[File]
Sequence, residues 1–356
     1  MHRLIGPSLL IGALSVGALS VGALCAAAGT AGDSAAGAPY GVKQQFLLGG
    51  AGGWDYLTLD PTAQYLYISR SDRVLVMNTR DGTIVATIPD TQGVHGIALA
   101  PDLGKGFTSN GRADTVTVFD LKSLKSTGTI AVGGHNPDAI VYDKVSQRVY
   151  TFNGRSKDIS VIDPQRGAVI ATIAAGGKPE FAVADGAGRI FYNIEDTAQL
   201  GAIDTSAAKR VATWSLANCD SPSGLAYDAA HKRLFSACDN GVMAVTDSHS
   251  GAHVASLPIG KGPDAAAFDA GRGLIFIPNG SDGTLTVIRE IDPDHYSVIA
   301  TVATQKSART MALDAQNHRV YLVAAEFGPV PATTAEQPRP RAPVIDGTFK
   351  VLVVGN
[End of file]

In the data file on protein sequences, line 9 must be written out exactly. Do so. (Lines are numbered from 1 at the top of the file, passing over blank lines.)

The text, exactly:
   351  VLVVGN